The ability to pull the latest version is really useful, especially when developing. However, in production you'll need to be precise about which versions to use. And that's where the ability to specify a tag will allow you to download the exact version. That's something we'll cover later in the course.
However, I mention it here because depending on when you watch this, the version for latest, may not be the same for you as it is for me. So, let's go back to the terminal and look at the output. So, notice here at the top, it says unable to find image Ubuntu:latest locally. Docker looks locally on this VM, it can't find the image, so was it does it goes and downloads it from the Docker Hub.
When it downloads the image, it stores it in a subdirectory that lives inside of the /var/lib/docker directory. The next time it runs, it's going to see if an image has changed since it was last downloaded. If it hasn't, then it's just going to use that local version because it already exists locally.
So, the image is now downloaded locally, and if you notice the prompt has changed. Look up here and notice it says vagrant@localhost. That's the bash prompt for our CentOS and down here it says root@ followed by the first several characters of the container ID. This is the bash terminal inside of our Ubuntu container.
Let's look back at the command and see how we got here. Behind the scenes this ran docker pull to pull down the image because it didn't exist locally. Then the Docker run command allows you to execute a command from inside of the container. The command that we're running is the bash binary. The way we are able to get an interactive shell is that we're using the I and T flags.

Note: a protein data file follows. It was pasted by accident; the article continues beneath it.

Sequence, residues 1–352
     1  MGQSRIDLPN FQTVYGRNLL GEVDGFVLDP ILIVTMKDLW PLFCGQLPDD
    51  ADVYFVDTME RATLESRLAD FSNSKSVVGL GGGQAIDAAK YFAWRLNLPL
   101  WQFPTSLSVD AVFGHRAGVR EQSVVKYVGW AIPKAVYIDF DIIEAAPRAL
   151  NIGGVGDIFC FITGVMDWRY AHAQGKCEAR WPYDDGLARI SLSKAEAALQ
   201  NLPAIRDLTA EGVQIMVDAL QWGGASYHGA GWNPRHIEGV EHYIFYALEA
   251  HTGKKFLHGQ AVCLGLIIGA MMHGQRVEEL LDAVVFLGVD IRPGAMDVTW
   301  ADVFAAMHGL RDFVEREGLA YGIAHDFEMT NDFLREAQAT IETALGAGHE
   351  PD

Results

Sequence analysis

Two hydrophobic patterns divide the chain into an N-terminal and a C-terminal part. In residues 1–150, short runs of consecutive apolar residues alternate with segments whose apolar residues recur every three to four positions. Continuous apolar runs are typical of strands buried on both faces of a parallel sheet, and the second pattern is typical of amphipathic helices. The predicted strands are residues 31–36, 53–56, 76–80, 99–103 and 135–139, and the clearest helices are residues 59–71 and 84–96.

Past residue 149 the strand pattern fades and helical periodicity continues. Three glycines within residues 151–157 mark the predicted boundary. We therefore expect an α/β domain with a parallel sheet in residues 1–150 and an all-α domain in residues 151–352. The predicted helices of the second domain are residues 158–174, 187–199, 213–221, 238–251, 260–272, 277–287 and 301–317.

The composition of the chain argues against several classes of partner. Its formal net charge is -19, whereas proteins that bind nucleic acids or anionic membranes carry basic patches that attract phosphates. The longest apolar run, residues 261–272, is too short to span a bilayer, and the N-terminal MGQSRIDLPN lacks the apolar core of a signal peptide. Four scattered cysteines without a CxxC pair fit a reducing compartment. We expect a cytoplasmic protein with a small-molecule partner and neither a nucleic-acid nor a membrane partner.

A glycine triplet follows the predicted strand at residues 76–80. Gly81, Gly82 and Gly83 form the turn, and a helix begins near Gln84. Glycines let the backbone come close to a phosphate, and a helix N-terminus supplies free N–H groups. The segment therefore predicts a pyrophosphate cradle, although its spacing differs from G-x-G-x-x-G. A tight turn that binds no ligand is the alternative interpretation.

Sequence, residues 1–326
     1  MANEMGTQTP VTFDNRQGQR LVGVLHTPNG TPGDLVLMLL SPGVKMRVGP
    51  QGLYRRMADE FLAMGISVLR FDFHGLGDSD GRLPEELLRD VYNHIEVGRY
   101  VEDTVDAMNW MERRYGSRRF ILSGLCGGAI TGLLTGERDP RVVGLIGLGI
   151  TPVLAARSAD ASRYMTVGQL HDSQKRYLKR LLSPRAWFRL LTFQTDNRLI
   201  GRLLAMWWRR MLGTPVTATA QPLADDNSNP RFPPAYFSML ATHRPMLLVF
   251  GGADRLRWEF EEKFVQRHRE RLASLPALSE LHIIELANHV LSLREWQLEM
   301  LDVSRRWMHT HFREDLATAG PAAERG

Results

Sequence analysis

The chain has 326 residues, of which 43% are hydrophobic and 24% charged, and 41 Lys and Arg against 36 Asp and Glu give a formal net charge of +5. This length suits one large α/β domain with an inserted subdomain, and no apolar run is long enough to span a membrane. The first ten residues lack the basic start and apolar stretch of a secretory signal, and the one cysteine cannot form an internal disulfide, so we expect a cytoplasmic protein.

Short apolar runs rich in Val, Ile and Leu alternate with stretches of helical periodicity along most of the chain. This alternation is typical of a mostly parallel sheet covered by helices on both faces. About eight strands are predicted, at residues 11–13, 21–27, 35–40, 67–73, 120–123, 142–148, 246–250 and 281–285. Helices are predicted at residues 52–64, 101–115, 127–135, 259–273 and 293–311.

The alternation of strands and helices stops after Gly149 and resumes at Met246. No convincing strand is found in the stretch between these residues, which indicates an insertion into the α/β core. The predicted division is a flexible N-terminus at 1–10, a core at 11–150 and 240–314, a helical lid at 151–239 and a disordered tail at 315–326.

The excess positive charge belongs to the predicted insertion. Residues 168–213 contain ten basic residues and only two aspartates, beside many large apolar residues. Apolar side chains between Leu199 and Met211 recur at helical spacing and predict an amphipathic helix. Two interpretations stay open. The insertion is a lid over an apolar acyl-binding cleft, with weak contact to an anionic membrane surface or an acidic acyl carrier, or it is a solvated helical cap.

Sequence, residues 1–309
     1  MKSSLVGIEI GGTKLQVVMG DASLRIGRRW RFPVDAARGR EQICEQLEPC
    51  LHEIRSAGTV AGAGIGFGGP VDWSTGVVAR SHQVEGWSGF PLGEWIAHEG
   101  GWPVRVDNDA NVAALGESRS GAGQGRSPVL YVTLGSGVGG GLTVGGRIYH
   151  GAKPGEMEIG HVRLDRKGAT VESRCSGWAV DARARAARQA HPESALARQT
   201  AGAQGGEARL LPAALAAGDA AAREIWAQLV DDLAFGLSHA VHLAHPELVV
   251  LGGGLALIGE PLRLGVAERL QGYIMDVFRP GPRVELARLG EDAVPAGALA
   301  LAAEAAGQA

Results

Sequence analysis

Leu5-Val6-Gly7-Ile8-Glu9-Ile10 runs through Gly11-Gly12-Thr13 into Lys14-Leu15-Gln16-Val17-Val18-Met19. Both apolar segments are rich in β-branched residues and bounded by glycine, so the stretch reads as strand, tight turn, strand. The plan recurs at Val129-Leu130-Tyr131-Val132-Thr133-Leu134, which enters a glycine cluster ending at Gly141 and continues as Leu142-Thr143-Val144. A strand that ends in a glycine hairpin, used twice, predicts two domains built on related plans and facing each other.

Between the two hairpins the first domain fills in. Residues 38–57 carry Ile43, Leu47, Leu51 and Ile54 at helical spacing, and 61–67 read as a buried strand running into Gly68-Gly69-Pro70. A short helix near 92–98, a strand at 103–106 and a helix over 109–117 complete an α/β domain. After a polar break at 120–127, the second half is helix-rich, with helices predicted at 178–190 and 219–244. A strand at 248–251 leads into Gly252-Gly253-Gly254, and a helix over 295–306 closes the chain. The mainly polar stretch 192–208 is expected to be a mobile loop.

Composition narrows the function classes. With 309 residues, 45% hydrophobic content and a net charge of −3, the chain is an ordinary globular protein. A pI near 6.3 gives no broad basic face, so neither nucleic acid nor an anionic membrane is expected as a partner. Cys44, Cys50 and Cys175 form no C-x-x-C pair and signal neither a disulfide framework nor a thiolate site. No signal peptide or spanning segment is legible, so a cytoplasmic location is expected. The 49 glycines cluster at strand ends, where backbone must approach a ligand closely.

The I flag makes it interactive by redirecting standard IO. The T flag implements a pseudo TTY, which basically makes the terminal behave like a standard terminal. Because we told Docker to run a bash shell as the container process, if we exit out of this, then the container is going to stop. Okay, let's wrap up here and let's summarize what we've covered.
First, both the Docker Hub and the new Store serve as a registry of existing images that you can use as is, or to form the base for your own images. Second, when using the Docker run command, behind the scenes it's going to download the image if it doesn't exist locally. Then it will run whatever command that you specify.
Using the lowercase I and lowercase T flags will provide an interactive terminal session on the container. And finally, generally speaking, when the process that you run exits the container will too. Alright, in the next lesson we'll dig into the difference between an image and a container. So if you're ready to keep learning, then let's get started in the next lesson.
Ben Lambert is a software engineer and was previously the lead author for DevOps and Microsoft Azure training content at Cloud Academy. His courses and learning paths covered Cloud Ecosystem technologies such as DC/OS, configuration management tools, and containers. As a software engineer, Ben’s experience includes building highly available web and mobile apps. When he’s not building software, he’s hiking, camping, or creating video games.